As far as Brian is concerned, those days are changing. He straddles a strange line now. With the bodily exterior of a mountain man with a sprawling beard, he also wears a nice pair of sneakers and a fairly new-looking Steelers hat. He’s clean and well spoken. He adds g’s onto the end of his words. And in a way, you can see that he’s not fully comfortable claiming either world. “It may not look like it, but I live in a nice neighborhood,” he says, as if his beard or his moonshine or his upbringing outside of Northeastern Tennessee would persuade someone he’s not worthy of their time. During our conversation, he’s at his most comfortable defending the old time moonshiners and chastising a money-hungry government whose time would be better spent fighting actual crime instead of petty offenses that send people in less affluent neighborhoods to jail, crippling their chances of a future.
"He took care of everybody up in that area, and it took him killin’ himself for anybody outside of it to care about him."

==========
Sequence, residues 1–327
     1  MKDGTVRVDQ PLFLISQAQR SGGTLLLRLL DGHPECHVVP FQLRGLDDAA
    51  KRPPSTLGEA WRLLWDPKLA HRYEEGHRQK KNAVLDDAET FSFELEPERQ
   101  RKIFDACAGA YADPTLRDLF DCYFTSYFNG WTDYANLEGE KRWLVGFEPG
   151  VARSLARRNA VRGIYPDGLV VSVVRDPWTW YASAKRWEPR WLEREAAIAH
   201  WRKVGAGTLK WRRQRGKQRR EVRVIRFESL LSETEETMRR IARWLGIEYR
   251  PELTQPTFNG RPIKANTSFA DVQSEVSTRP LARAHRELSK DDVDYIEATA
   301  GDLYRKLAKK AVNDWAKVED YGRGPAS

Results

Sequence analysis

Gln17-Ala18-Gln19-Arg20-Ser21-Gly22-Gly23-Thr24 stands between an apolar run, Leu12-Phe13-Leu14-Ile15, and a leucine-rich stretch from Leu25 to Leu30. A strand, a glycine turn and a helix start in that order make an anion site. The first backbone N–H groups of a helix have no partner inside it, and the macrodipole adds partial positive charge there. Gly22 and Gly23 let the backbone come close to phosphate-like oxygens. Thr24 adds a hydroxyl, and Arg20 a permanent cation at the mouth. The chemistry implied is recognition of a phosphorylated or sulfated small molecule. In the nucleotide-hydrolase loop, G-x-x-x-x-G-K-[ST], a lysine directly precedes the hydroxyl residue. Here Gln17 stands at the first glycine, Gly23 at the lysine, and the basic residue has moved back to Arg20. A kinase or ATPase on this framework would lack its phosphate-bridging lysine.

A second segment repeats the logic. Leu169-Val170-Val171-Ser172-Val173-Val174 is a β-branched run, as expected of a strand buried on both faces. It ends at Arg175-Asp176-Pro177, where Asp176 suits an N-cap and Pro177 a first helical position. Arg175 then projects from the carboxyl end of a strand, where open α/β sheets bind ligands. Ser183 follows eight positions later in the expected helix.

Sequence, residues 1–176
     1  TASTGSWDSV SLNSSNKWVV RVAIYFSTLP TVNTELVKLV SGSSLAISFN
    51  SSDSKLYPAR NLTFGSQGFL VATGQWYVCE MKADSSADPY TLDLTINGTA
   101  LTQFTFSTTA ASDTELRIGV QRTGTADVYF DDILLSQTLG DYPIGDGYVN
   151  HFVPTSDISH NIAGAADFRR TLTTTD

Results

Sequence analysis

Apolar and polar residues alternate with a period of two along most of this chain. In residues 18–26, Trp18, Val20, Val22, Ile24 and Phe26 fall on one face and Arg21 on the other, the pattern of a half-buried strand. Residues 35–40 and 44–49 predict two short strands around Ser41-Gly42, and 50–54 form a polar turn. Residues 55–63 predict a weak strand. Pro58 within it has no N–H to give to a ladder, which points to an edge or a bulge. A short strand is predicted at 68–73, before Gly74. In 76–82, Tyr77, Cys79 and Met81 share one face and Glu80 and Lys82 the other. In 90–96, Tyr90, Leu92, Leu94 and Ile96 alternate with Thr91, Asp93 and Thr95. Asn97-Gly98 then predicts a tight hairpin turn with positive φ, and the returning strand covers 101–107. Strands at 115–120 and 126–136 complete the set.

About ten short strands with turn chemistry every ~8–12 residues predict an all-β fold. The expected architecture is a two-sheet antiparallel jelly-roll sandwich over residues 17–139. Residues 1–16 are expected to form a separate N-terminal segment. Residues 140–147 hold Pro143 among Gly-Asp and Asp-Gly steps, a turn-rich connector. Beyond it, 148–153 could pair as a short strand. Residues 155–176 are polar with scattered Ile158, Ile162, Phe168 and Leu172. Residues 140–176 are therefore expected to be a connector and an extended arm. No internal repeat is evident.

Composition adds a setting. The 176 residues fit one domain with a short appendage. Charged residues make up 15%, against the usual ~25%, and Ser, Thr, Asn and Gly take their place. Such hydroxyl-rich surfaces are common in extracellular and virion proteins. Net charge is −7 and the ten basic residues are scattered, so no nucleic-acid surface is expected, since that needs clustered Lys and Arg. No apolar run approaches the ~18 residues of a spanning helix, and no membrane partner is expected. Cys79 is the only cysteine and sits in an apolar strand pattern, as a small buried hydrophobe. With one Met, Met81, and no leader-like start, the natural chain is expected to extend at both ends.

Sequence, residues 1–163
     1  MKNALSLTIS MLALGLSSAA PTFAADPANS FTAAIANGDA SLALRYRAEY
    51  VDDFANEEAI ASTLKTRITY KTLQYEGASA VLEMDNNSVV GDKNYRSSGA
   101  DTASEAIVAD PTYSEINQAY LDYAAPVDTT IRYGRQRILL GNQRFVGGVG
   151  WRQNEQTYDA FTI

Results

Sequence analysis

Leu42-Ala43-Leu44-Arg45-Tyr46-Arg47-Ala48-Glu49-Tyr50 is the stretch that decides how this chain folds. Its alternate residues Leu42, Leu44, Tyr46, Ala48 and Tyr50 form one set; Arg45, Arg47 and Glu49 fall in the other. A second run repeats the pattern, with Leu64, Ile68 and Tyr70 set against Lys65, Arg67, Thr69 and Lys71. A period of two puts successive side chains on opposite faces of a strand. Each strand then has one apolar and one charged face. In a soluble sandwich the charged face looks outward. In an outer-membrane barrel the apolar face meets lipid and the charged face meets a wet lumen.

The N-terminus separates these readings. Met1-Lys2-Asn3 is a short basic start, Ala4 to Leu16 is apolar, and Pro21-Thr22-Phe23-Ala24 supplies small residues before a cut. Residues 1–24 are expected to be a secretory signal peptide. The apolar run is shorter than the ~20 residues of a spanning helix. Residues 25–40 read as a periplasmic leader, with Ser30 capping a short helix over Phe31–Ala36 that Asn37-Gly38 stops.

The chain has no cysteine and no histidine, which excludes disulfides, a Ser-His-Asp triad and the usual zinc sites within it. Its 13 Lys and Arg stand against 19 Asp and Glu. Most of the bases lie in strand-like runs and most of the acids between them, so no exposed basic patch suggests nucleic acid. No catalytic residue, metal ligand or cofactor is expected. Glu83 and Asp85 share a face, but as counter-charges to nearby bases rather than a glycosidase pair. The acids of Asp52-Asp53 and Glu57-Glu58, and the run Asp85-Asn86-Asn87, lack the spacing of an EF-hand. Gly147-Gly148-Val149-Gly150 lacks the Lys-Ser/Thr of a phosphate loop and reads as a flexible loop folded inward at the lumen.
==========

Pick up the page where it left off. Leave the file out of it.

At other times, he withdraws, “You’re going to have more corporate places pop up. But the majority of moonshine will come from folks like me. You make it for your friends and your family and folks that you know.” But in a way, that's a testament to the way culture has shifted. At one point, a distiller that serviced the far reaches of his community was doing it for his friends and his family. In the most authentic sense, it's the trickle down economics so highly regarded in circles of rich Reagan subscribers. Money siphoned to one moonshiner serving a whole community was then distributed directly back into his community—his family, if you will.